Mumbai holds within her a metropolis which is only looking for more grounds to grow, but at the same time there are pockets of quintessential old school Indian charms. The recently concluded Vesava (Versova) Koli Seafood Festival is an example. 2013 was the festival’s eighth year and is no longer as quaint as one would imagine it to be. Spread on the grounds near the Ganesh Mandir in Versova Koliwada, it was a boisterous, loud, exuberant and crowded affair; in the middle was a stage with local Koli performances spruced by the occasional visits of the local corporaters and civic authorities as chief guests. The original aim of the festival was to allow the local fishing folk or the Kolis to showcase their culture through food especially in the off season. What one sees are women dressed in their local best efficiently manning counters, taking stock of inventory and even the till. Men for their part play the discreet vigilantes always in the lookout for unwanted trouble that may need to be kicked out.
This year saw more than 40 food stalls serving one and only one category in the food chain – seafood. Each stall served up the shells, crustaceans and fishes in the traditional Koli way and also with some twists. My experience of these wondrous dishes happened last year thanks to a good Samaritan. This year, it was time to imbibe the sights, sounds and smells personally. It started off with a good helping of the Clams Masala or Tisrya Masala. Shells cooked in thick gravy of onions and coconut it was one of the favourites with its hint of spices but no overpowering pungency. With that came the Bombil fry. The Bombay Duck is now one of my favourite fish types. Simply fried in a semolina batter the crispy exterior hid the most tender and juicy flesh ever. It is apparently a common practice to keep the fishes under heavy stones to drain out some of the excessive moisture prior to cooking. So addictive were these little fried wonders that there were three helpings ordered. And this was the just the beginning! Post the appetiser-like binge came a table full of goodies. The Dried Prawn Cutlet had a nice kick of chillies to rid the dried fish stench, but it did not kill the flavours of the sea.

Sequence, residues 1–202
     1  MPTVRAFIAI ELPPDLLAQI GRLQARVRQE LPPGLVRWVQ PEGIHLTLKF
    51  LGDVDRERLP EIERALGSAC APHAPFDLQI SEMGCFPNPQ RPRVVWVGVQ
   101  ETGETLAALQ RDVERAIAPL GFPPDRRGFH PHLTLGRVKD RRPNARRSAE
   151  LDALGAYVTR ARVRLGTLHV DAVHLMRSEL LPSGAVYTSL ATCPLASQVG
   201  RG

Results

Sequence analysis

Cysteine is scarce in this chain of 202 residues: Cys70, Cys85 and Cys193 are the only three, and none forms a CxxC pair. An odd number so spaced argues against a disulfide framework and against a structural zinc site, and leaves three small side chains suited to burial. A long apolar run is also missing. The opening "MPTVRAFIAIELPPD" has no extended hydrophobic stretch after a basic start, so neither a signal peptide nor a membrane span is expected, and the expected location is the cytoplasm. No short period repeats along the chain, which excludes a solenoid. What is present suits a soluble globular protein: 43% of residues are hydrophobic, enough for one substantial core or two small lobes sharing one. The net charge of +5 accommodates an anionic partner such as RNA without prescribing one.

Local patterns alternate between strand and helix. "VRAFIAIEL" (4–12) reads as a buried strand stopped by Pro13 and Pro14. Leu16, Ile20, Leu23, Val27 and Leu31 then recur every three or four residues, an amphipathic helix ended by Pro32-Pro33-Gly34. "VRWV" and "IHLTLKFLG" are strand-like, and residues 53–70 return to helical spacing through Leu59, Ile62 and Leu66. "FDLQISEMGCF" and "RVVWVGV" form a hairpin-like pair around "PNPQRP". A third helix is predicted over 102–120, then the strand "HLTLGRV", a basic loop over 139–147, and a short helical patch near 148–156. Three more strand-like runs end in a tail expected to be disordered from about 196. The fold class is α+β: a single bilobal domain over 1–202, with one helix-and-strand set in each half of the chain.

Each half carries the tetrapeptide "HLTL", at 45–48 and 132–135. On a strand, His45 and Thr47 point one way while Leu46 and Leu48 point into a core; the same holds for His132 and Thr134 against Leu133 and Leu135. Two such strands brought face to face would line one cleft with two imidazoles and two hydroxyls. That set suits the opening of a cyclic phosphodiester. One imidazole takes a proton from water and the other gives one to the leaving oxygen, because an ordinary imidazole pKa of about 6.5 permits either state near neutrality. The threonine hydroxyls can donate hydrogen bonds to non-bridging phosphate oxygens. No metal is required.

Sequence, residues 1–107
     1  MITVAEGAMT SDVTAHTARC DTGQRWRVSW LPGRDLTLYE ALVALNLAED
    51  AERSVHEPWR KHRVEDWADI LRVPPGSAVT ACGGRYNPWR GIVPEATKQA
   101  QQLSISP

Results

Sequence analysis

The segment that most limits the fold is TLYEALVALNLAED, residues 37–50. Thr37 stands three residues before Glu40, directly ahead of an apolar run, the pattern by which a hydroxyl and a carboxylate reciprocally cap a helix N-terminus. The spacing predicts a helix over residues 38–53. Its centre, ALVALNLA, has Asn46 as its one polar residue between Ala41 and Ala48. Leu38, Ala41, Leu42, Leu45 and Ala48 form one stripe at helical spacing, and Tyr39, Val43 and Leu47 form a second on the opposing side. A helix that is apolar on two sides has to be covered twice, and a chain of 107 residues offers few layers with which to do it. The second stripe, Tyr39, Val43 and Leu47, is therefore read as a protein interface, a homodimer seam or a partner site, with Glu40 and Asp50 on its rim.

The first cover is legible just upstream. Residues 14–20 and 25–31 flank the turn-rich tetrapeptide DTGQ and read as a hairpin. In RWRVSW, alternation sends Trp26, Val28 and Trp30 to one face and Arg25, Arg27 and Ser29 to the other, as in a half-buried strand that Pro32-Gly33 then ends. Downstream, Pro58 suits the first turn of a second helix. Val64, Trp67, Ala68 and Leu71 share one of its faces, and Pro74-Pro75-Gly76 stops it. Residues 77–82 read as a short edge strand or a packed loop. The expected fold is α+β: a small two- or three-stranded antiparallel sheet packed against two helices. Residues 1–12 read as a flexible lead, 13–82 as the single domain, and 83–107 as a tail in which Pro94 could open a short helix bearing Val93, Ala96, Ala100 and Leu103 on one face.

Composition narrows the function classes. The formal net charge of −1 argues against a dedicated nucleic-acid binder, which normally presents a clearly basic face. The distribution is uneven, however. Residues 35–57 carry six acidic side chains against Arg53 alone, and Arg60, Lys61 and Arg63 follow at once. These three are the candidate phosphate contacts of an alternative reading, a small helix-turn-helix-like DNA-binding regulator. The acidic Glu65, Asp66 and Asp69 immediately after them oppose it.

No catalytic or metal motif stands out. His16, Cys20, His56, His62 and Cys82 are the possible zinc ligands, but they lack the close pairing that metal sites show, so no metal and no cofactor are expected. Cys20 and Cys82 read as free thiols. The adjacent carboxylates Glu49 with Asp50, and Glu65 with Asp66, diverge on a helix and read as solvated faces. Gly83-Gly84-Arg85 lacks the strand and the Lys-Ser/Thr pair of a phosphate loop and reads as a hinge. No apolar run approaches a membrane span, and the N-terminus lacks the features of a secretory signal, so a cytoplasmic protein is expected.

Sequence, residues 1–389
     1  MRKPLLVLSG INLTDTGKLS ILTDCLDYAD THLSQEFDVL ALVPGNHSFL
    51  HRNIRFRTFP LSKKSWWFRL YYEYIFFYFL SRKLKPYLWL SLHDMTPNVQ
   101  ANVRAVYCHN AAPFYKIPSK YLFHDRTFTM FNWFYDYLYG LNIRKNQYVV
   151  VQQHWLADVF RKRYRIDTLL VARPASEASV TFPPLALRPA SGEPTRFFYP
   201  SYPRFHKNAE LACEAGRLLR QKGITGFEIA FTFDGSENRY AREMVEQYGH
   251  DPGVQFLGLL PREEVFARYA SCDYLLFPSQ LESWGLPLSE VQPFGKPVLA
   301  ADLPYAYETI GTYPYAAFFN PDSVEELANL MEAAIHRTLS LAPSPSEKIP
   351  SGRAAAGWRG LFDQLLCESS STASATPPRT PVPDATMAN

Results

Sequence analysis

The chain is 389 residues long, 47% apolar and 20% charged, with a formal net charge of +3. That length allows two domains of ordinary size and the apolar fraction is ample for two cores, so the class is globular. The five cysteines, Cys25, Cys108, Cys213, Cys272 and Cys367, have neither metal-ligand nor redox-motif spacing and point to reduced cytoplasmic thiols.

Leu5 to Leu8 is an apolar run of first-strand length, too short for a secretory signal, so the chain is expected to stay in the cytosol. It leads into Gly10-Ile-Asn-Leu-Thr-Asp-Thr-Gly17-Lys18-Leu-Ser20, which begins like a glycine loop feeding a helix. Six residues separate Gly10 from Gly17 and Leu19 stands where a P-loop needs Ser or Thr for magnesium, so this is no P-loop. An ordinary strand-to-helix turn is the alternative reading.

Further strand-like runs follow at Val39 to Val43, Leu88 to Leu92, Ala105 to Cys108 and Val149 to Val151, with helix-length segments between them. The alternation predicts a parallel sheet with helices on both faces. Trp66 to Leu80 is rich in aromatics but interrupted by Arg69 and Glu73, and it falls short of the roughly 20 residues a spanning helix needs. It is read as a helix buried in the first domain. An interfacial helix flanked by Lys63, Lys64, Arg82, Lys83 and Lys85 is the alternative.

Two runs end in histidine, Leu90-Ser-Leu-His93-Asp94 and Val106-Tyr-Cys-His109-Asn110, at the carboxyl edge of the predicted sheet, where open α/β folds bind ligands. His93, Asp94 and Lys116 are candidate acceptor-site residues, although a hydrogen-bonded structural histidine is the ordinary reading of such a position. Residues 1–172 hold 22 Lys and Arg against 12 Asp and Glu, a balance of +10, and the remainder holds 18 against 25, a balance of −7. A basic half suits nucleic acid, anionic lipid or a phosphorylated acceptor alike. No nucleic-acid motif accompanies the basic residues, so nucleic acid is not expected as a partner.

In the east of India, fish roe is a much favoured produce and best tasted in the form of fritters – something that has been on my favourite dishes list since I was a child. So to come across fish roe in a new avatar – Koli style fish roe – was a revelation. The masala was basic; the simplicity of the cooking method leaving the core ingredient’s integrity intact was refreshing. The addition of Kokum makes the dish even more unique.
The Masala Crab was the toughest nut to crack with only your fingers and dentures. The patience and effort was well worth for the sweet crab meat together with the green coriander, mint and coconut masala. The Koli fisher folk sell a huge chunk of their catch to various hotels and restaurants in the city. These catches do not see the face of the consumer markets, you understand this when you see the single piece of the Surmai fry. The massive piece Mackerel looked overcooked with its dark and crispy exterior, but breaking into it was a delight for it was just perfect. It tasted as good as it looked as well. The Koli style Grilled Pomfret too hit the nail on the target with the basic spice rub and grilled to succulent perfection. There was on offer a Masala heavy version as well. The only downer in the entire seafood entourage was the prawns. Despite the different spice blend, the prawns did not seem fresh. But with an almost perfect score the finale was not complete without a paan and a Kulfi Falooda.
The festival takes place every January, to get confirmed dates it would be best to check with the women selling fish at the Andheri market.